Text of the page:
24 A. Sorry, I don't -- I don't recall any more specifically.
25 Q. And I take it there was no sign of General Gvero in Zepa on either
1 the 27th or the 28th of July, was there?
2 A. Well, having never met him, I couldn't have recognised him any
4 Q. No. And there was no suggestion from any of the VRS troops that
5 there was another general there amongst them, Tolimir in particular?
6 A. No, not that I recall.
7 MR. JOSSE: If I could just have a moment, please.
8 Q. I want to ask you a few things about matters that you mentioned in
9 your evidence-in-chief, and you gave some evidence about fuel and the fact
10 that you had become aware that the Ukrainian Brigade were trading fuel
11 with the Serbs. That's right, isn't it?
12 A. Correct. The Ukrainian company in Zepa.
13 Q. And where had that information come from, please?
14 A. I don't recall the exact source, just something that was discussed
15 at sector headquarters.
16 Q. And there was no intelligence or information that the Bosniak
17 inhabitants were doing the same, namely trading fuel with UNPROFOR?
18 A. That's possible. I don't remember that.
19 Q. When you say it's possible, it's possible it happened, it's
20 possible there was some information, what, please?
21 A. Both actually. Both are possible.
22 Q. You've a low opinion of that company, haven't you?
23 A. Well, the unit, as I described yesterday, in general, was having
24 lots of problems and not behaving very professionally in general.
25 Q. And to be perfectly fair about this, if I can confronted you with
1 suggestions that the local inhabitants were trading in fuel with that
2 Ukrainian company, you've already said it wouldn't come as a surprise to
3 you at all?
4 A. No.
5 Q. Okay. You said this about that company, that there were
6 suspicions that they were pro-Serb. Do you remember saying that?
7 A. M'hm. I also said that this -- these suspicions were expressed by
8 French officers at the headquarters Sector Sarajevo.
9 Q. Did you have a view on the subject?
10 A. Well, generally, it was easier for them to move about in Serb-held
11 territory than for anybody else except perhaps the Russians after the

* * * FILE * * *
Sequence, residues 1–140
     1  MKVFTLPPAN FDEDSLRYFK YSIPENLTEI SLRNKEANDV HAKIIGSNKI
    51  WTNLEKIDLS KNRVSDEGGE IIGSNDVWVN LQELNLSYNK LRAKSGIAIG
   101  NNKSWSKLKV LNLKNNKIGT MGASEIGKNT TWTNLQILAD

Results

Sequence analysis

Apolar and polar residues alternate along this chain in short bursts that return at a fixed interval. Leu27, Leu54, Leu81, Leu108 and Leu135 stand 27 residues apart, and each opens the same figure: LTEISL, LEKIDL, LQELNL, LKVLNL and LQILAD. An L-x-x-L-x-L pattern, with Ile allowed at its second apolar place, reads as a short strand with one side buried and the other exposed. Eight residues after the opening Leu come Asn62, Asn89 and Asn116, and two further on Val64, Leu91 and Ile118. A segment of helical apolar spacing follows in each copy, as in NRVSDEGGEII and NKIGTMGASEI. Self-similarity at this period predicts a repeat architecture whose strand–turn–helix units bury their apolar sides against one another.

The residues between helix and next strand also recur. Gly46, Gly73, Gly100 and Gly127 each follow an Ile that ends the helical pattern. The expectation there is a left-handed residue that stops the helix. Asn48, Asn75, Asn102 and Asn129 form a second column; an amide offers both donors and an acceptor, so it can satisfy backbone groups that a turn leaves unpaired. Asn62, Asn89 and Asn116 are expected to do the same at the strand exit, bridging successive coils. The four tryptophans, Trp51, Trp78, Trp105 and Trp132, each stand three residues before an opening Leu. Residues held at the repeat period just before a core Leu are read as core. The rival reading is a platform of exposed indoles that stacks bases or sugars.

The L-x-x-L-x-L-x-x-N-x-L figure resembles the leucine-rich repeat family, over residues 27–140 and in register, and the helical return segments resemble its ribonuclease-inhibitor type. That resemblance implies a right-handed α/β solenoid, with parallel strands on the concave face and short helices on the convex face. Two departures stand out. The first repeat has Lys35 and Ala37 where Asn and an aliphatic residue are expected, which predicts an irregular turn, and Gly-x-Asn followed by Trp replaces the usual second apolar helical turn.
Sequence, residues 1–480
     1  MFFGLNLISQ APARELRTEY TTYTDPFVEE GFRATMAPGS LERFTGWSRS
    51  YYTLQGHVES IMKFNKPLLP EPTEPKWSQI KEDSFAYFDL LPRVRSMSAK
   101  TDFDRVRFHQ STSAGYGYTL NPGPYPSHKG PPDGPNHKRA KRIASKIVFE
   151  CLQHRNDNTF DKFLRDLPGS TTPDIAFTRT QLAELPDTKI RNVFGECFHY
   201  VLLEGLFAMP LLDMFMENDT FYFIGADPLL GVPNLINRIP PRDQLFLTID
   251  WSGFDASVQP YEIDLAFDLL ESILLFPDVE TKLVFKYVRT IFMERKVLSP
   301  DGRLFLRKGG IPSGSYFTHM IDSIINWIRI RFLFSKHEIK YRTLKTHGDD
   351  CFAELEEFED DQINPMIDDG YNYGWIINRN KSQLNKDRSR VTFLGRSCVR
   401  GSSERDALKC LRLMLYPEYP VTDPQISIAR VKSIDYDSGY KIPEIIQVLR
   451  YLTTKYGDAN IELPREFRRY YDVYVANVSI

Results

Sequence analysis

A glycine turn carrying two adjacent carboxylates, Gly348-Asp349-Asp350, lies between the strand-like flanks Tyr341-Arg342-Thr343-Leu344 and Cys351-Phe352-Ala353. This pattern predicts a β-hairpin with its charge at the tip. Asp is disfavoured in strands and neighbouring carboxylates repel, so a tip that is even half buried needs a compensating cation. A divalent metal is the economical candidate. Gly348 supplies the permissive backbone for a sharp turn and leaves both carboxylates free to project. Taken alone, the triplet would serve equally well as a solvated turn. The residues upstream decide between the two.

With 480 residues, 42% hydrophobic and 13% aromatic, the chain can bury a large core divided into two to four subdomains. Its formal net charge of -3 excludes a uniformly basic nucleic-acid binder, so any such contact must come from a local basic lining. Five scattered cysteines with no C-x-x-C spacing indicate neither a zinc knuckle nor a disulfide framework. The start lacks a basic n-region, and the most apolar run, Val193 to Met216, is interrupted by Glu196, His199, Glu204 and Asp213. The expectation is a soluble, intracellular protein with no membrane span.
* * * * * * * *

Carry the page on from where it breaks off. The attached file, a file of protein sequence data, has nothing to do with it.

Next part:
12 hostage crisis of May 1995. In fact, we could not for a while go into
13 Serb-held territory, the weeks following the hostage crisis, but we had to
14 maintain contact with Indic, for example, in Lukavica, and we would use
15 the Ukrainians to do that.
16 Q. And did you have any information about how the Ukrainians
17 interacted with the population of Zepa, particularly as the crisis was
19 A. No, no, no details anyway.
20 Q. Let's have a look at 6D122, please. We need page 5 of the
21 English, please, and page 5 of the B/C/S. This, let me tell you, Colonel,
22 to cut matters short, is a document that emanates from February of 1996,
23 and it's a review by a Brigadier General Jasarevic of the army of the
24 Republic of Bosnia-Herzegovina of the events surrounding the fall of
25 Srebrenica and Zepa. And in the middle of that page, we see him talking
1 about the Chetniks' attack on Zepa on the 9th of July of 1995. He talks
2 about the local brigade, the 285th Light Brigade, and he talks about the
4 And then he says, about halfway through that paragraph, "After the
5 commander of this UNPROFOR battalion crossed over to the command of the
6 Chetnik forces, the new Ukrainian Battalion commander handed over all
7 weapons at its disposal to our soldiers. These were immediately used to
8 defend Zepa. According to several displaced persons from Zepa, he even
9 sent false reports to UNPROFOR command in Sarajevo saying that members of
10 the Ukrainian Battalion had been directly attacked and requesting NATO air
11 strikes against the Chetniks."
12 So in short, this is in effect Muslim intelligence, which is being
13 reproduced in a Muslim report. Can you comment on this at all?
14 A. It's the first I hear of this, and frankly it seems a bit
16 Q. Why do you say that?
17 A. Well, based on the information that I had and what I knew of the
18 Ukrainians, as I said, they were not the best of soldiers, but going so
19 far as to lie to their command? I doubt that. That's my personal
21 Q. Were you aware that the Bosniaks, around the 15th, 16th of July,
22 asked for air strikes on the VRS because of their offensive against Zepa?
23 A. Yes.
24 Q. You remember that?